As students of all ages return to the classroom for a new school year, they will converge in classrooms to learn and grow.
But not every student will have it easy. InsideEdition.com takes a look at six recent graduates that will inspire scholars to work hard until graduation.
Former Drug Dealer Becomes Oldest Columbia University Graduate
In May, a former drug dealer and heroin addict from Harlem, New York, became the oldest graduate of Columbia University’s class of 2016 at 67 where he received a diploma from the School of General Studies.
As a teen, David Norman says he fell victim to substance abuse due to a "lack of self-confidence" and a "way to self-medicate," according to a press release from the university. He was also selling narcotics at a young age.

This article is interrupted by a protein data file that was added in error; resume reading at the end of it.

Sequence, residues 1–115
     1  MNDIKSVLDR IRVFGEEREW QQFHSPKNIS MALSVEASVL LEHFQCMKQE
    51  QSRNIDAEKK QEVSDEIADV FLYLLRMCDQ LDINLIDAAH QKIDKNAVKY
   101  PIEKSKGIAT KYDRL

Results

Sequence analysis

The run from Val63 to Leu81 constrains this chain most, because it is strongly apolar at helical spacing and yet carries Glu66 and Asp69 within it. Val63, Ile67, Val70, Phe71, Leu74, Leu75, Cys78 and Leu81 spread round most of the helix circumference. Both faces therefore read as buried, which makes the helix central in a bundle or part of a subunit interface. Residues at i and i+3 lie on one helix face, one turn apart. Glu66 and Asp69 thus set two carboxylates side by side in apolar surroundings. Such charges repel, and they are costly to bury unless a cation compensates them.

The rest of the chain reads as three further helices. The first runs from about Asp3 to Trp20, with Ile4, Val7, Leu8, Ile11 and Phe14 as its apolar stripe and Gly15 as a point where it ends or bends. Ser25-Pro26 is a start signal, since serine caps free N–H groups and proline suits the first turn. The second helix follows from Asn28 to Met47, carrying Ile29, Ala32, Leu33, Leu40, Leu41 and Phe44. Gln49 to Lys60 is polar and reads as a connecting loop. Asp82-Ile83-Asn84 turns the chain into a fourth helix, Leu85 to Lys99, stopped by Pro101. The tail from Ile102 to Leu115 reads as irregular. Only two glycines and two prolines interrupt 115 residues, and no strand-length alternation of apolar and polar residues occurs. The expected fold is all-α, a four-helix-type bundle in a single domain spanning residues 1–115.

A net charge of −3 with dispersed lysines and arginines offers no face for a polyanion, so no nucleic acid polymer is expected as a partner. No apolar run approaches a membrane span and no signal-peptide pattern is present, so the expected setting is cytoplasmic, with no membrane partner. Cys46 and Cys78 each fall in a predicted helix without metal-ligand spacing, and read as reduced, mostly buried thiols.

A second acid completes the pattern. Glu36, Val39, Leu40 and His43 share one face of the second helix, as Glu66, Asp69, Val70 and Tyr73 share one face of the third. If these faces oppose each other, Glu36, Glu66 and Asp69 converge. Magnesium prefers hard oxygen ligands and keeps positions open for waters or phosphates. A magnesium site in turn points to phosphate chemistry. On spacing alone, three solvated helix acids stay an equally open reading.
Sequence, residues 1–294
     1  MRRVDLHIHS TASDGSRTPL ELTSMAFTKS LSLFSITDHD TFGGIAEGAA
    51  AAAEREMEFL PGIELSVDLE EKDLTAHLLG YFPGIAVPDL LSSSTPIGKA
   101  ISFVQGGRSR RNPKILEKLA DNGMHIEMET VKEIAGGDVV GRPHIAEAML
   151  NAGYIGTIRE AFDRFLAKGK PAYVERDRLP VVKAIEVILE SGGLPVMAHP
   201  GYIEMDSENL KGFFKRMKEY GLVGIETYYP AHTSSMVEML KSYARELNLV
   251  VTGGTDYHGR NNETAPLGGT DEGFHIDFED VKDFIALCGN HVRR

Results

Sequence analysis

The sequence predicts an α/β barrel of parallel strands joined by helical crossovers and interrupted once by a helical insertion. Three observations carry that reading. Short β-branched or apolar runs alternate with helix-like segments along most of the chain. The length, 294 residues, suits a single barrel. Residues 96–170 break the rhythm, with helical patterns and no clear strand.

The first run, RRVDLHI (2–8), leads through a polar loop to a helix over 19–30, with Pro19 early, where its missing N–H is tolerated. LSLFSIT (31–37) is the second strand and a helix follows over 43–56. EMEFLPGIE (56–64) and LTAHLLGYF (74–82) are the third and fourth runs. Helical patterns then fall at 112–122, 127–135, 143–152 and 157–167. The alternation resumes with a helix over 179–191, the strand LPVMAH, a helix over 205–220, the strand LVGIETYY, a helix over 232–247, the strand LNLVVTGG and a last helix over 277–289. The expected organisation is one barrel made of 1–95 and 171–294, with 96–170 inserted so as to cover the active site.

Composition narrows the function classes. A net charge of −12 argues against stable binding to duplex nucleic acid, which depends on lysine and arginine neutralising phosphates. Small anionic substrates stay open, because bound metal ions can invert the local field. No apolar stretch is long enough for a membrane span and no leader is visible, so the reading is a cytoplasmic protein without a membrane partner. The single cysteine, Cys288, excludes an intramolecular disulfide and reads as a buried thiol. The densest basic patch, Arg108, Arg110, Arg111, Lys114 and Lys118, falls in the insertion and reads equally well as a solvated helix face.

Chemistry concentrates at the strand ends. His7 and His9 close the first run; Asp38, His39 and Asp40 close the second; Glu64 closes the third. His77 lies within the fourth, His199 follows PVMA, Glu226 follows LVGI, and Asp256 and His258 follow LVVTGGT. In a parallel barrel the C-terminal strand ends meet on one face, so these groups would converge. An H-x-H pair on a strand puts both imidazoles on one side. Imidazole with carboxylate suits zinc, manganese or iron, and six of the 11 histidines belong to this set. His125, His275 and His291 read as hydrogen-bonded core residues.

In 1968, he was incarcerated, and it was in prison where he discovered the power of literature and philosophy from fellow inmates. In 1995, he had his last stint in prison, where he was serving time for manslaughter. When he was released, he took a job as a volunteer that helps inmates transition back into society.
That job changed my perspective. It let me know that I have something to offer,” Norman said. “I decided I would devote my time to working toward something bigger than myself.”
He has remained drug-free for 20 years and was the oldest to receive a bachelor’s degree from Columbia’s 547-student graduating class of 2016. The average age of the Ivy League school’s class was 29.
“I remember a time when people would avoid me on the street, because of my attitude. Now I smile and say hello to people and ask them how they’re doing. When my perspective changed, my life changed. Whatever happens outside has to begin inside,” Norman said.